The Peacock and the Sun Goddess BodyStory was an experiment for a class presentation at the Face and Body Art International Convention in 2012 (FABAIC). For my class on storytelling I tried out a new idea (newfor me - see below) of taking the methods I use for telling a story via facepainting onto a painted body — using a fully painted body in choreographed movements to accompany my narrative. I had done this with several performers and much assistance to perform the story Li Chi Slays the Dragon as part of our Bodies Alive! production at FABAIC 2008, but that felt more like a theatre piece and this was meant to stay closer to the stylistic quality of storytelling.
The Peacock and the Sun Goddess BodyStory was conceived and presented as a live performance. As the concept seems well designed for video I took the fotos and video we’d made as documentation and created this video in iMovie. (The wonderful music is Indian Fever by David Starfire, which I found on the album “Six Degrees Free Indian Music Sampler” on Amazon. The model was a non-professional, so I’ll withhold her name) The next step in the video experiment will be to create a BodyStory design specifically for video, and explore what is possible without the design limitations inherent in a live performance.
See the BodyStories Page to learn more about other BodyStory projects, including “Is This the First Story?” based on an 18,000 year old cave painting.
To be clear, nothing in art is ever truly new—especially in an art form as ancient as bodypainting. In saying that these experiments feel “new for me” I’m not saying that I’ve invented something here. Aboriginal Australian bodypainting may go back 40,000 years in a continuous line and in some cases, particularly in the context of ritual initiations, their bodyart tells complex mythological tales (to name just one precedent). Nothing is new.
I am honored to say I have been nominated for an award by the Society of Unique Artists. I’m one of 5 finalists in the category of Unique Painting, and the winner will be announced at the Unique Art Awards event on September 29 in New York. Upon my nomination I was asked to submit a portfolio for the judges’ consideration, which I am posting here, including this short video artist statement:
“The show was called “Before Cave Walls… The Story on Our Skin”. … About 25–30 of us sat mesmerized as he started with a lecture/demo on the human history of self-transformation through mask and body art, calling up volunteer after volunteer to be painted as he talked. Then he wove several stories in, some traditional and some in a folktale mode that he and his kids had created – and he used us as his canvas to show characters like jaguar, snake and lizard, and settings like tropical island and African savannah.”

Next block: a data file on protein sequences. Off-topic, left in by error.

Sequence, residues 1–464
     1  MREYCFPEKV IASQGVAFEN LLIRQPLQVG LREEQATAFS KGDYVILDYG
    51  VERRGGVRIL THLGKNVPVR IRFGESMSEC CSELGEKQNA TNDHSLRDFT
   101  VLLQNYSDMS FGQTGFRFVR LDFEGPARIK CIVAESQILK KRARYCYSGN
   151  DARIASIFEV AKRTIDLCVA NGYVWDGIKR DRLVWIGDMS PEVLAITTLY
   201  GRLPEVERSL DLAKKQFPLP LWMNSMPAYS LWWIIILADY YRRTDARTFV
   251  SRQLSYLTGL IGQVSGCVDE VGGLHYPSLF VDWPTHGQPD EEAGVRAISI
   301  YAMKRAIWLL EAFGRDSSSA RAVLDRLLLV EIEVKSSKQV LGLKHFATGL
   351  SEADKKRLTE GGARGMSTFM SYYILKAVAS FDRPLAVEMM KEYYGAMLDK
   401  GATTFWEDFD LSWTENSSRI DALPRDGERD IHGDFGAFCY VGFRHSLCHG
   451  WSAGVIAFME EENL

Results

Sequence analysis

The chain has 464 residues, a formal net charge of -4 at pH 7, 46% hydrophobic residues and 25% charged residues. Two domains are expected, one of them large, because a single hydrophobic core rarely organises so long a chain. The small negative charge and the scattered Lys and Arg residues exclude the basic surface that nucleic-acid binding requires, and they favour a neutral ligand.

Liz also talked about how the volunteers I painted during the program wore their new faces into the evenings events, for which I am especially appreciative — a mask-maker always hopes that the wearer will bring the mask to life like that. When Willa Brigham took the stage to MC that night’s Oracle Awards presentation in the very unusual looking Picasso/Nuba face, I’m sure many folk in the audience wondered what was going on, why were these people on stage with their faces painted in such strange ways? There were several hundred people in the audience, only a hand full of which were at my afternoon program, so most of them had no context for the painted faces they saw on stage. That uncertainty about what to make of a painted face is intrinsic to the art of transformation. Part of the power and function of the mask is to introduce a sense of mystery about the transient nature of form, to make us wonder what else is possible. Continue reading →
At the museum, a minor kerfuffle. I had particularly wanted to see the current exhibit “The Collections: 6,000 Years of Art“, displayed in an old-fashioned cabinet style, with lots of unlabeled stuff side by side in jammed glass cabinets. Towards the end I saw a piece of painted pottery from ancient Greece depicting Heracles Continue reading →
The tale “Mataora and Niwareka in the Underworld” especially caught my attention, as it offers a folkloric explanation for the origins of moko, the traditional facial tattooing of the Maori. In brief: a warrior chief named Mataora meets some beautiful women who come up from the Underworld. They tell him that the designs he has painted on his face are not true moko because they can be wiped off. He falls in love with Niwareka, winds up following her back down to the Underworld and meets her father, who is busy tattooing a young man’s face with a fine bone chisel. Mataroa sees that the process is excruciatingly painful but the man doesn’t cry out. Ue-tonga, the father, then tattoos Matarao’s face with “the intricate patterns, twirls and swirls” that make a warrior “look both frightening and beautiful.” Mataroa understands he must bear the pain bravely to receive the true moko, and afterwards he brings the tattoo tradition (and Niwareka) back up to the Overworld.
I’m fascinated by the idea in this tale that the Maori first painted their faces with the moko patterns before they used tattoo, Continue reading →